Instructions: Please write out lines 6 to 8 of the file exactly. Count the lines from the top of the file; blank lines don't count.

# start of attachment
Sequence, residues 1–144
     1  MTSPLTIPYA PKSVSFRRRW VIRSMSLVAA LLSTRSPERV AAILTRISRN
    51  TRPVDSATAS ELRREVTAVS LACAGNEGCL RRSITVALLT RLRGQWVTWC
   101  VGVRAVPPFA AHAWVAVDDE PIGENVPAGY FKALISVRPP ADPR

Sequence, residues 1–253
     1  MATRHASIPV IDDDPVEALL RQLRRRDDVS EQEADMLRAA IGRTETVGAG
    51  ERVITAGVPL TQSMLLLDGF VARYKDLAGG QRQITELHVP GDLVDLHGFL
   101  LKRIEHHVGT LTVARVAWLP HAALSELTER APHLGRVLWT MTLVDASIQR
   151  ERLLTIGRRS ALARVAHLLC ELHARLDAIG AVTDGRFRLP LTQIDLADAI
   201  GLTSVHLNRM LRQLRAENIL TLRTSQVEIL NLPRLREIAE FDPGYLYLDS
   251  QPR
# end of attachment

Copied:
     1  MATRHASIPV IDDDPVEALL RQLRRRDDVS EQEADMLRAA IGRTETVGAG
    51  ERVITAGVPL TQSMLLLDGF VARYKDLAGG QRQITELHVP GDLVDLHGFL
   101  LKRIEHHVGT LTVARVAWLP HAALSELTER APHLGRVLWT MTLVDASIQR